• Pages: 384
  • Product dimensions: 10.00 (w) x 7.20 (h) x 1.40 (d)

Meet the Author

Alison Gopnik is Professor of Psychology at the University of California at Berkeley. She is the coauthor of Words, Thoughts and Theories (1997), and The Scientist mn the Crib (1999). She has written over a hundred scientific articles as well as articles for The New York Times, The New York Review of Books and Slate.com.

Laura Schulz is Assistant Professor of Brain and Cognitive Sciences at the Massachussets Institute of Technology. She has been the recipient of National Science Foundation and American Association of University Women fellowships. She has published in Developmental Psychology, Child Development, Psychological Review and Trends in Cognitive Sciences.

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Table of Contents

Introduction. Allison Gopnik and Laura Schulz
Part I. Causation and Intervention
1. Interventionist Theories of Causation in Psychological Perspective, Jim Woodward
2. Infants' Causal Learning: Intervention, Observation, Imitation, Andrew N. Meltzoff
3. Detecting Causal Structure: The Role of Intervention in Infants' Understanding of Psychological and Physical Causal Relations, Jessica A. Sommerville
4. An Interventionist Approach to Causation in Psychology, John Campbell
5. Learning From Doing: Intervention and Causal Inference, Laura Schulz, Tamar Kushnir, and Alison Gopnik
6. Casual Reasoning Through Intervention, York Hagmayer, Steven Sloman, David Lagnado, and Michael R. Waldmann
7. On the Importance of Causal Taxonomy, Christopher Hitchcock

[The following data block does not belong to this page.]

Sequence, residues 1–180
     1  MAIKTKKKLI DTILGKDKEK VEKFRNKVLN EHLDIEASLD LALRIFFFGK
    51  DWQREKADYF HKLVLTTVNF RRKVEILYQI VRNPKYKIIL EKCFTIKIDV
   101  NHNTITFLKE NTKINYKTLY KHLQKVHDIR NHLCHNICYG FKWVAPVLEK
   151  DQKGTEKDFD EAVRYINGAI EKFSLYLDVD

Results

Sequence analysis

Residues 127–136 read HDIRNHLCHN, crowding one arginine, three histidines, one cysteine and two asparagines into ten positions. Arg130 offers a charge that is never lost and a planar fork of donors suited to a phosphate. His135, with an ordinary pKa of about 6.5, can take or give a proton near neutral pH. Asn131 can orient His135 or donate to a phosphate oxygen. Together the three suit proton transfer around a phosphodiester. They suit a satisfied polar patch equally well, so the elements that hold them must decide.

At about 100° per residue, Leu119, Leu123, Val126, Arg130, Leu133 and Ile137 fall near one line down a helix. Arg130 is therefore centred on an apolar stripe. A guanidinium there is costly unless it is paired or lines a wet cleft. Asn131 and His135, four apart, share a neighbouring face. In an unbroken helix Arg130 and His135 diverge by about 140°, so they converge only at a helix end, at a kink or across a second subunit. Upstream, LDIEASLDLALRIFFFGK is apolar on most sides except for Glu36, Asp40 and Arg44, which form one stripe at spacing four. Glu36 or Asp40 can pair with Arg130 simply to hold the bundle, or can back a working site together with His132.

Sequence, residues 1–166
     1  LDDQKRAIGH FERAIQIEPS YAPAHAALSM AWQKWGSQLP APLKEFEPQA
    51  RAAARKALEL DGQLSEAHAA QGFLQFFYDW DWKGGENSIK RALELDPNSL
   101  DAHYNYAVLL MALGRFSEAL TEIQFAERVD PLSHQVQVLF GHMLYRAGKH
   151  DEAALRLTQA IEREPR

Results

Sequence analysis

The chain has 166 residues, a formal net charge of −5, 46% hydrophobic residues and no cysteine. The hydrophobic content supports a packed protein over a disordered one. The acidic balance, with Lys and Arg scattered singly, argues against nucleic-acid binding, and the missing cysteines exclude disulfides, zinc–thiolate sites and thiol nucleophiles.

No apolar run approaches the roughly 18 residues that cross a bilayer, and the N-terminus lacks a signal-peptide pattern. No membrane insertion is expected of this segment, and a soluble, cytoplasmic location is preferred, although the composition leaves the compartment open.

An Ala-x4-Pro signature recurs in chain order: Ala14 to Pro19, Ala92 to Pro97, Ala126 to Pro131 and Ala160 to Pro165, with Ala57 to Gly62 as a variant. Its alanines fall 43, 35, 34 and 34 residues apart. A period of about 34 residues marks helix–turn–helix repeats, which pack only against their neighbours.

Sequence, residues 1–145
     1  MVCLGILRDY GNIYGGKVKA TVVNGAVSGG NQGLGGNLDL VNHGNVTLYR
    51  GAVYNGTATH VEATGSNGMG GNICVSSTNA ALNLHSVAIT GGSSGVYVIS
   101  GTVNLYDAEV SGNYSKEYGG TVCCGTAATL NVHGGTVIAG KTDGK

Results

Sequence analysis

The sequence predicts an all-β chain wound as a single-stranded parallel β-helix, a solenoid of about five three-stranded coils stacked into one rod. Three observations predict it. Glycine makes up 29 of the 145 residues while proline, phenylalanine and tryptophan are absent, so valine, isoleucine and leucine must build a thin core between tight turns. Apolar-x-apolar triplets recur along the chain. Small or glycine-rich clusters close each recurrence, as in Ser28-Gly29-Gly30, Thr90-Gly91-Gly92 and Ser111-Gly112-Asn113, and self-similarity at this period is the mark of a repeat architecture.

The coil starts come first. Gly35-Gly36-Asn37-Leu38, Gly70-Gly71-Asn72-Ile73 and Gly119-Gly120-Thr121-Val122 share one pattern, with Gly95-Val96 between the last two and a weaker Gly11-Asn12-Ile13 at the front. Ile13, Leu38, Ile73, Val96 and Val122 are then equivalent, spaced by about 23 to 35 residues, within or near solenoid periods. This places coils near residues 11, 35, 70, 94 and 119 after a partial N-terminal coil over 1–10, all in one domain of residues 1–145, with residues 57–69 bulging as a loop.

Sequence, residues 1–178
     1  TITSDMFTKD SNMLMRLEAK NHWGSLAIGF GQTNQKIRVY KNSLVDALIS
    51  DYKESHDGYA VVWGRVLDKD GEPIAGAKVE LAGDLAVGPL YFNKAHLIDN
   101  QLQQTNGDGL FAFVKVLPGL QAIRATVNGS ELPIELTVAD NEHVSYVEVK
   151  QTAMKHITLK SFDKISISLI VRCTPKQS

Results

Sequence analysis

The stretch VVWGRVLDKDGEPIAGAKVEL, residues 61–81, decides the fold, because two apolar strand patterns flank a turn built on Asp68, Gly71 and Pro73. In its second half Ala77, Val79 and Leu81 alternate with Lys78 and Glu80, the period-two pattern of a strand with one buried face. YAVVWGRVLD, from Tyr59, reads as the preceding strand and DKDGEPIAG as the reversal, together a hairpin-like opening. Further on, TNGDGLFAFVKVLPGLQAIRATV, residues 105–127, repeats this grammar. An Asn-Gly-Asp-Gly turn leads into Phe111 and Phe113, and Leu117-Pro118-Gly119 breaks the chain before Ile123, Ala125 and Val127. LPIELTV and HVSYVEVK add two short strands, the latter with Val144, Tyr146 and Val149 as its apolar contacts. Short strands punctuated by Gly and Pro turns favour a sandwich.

Part II: Causation and Probability.
Introduction to Part II. Alison Gopnik and Laura Schulz
8. Teaching the Normative Theory of Casual Reasoning, Richard Scheines, Matt Easterday, and David Danks
9. Interactions Between Causal and Statistical Learning, David M. Sobel and Natasha Z. Kirkham
10. Beyond Covariation: Cues to Causal Structure, David A. Lagnado, Michael R. Waldmann, York Hagmayer, and Steven A. Sloman
11. Theory Unification and Graphical Models in Human Categorization, David Danks
12. Essential as a Generative Theory of Classification, Bob Rehder
13. Data-mining Probabilists or Experimental Determinists?: A Dialogue on the Principles Underlying Causal Learning in Children, Thomas Richardson, Laura Schultz, and Alison Gopnik
14. Learning the Structure of Deterministic Systems, Clark Glymour
Part III: Causation, Theories and Mechanisms.
Introduction to Part III. Alison Gopnik and Laura Schulz
15. Why Represent Causal Relations?, Michael Strevens
16. Causal Reasoning as Informed by the Early Development of Explanations, Henry M. Wellman and David Liu
17. Dynamic Interpretations of Covariation Data, Woo-kyoung Ahn, Jessecae K. Marsh, and Christian C. Luhmann
18. Statistical Jokes and Social Effects: Intervention and Invariance in Causal Relations, Clark Glymour
19. Intuitive Theories as Grammars for Causal Inference, Joshua B. Tenenbaum, Thomas L. Griffiths, and Sourabh Niyogi
20. Two Proposals for Causal Grammars, Thomas L. Griffiths and Joshua B. Tenenbaum
Notes.
Index.